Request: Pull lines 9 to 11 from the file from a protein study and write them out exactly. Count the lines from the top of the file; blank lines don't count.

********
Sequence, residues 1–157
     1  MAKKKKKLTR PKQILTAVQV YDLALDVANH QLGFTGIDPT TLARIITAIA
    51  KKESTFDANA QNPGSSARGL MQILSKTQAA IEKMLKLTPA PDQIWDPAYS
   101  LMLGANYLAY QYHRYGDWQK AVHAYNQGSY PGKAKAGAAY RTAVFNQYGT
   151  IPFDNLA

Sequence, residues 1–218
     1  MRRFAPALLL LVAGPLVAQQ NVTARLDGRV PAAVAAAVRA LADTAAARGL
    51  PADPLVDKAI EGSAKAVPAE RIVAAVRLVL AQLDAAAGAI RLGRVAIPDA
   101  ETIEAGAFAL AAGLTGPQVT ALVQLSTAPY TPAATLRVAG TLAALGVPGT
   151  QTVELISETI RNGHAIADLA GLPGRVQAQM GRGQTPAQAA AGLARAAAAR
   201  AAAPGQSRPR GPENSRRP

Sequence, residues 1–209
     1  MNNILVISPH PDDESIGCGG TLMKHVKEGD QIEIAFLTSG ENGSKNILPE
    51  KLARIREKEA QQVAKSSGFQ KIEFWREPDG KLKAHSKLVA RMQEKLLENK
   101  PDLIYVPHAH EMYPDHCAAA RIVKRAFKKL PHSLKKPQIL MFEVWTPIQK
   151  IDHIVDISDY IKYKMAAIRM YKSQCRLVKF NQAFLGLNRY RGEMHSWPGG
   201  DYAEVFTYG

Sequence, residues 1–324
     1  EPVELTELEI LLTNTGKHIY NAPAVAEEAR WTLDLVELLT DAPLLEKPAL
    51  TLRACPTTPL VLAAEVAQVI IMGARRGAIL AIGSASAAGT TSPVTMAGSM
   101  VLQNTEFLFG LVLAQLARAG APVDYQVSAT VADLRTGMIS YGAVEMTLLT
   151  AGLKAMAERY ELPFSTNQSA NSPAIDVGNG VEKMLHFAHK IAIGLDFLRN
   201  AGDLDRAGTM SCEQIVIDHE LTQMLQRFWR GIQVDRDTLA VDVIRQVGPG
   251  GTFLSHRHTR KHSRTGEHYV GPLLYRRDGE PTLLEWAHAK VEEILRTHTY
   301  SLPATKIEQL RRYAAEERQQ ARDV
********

   101  ETIEAGAFAL AAGLTGPQVT ALVQLSTAPY TPAATLRVAG TLAALGVPGT
   151  QTVELISETI RNGHAIADLA GLPGRVQAQM GRGQTPAQAA AGLARAAAAR
   201  AAAPGQSRPR GPENSRRP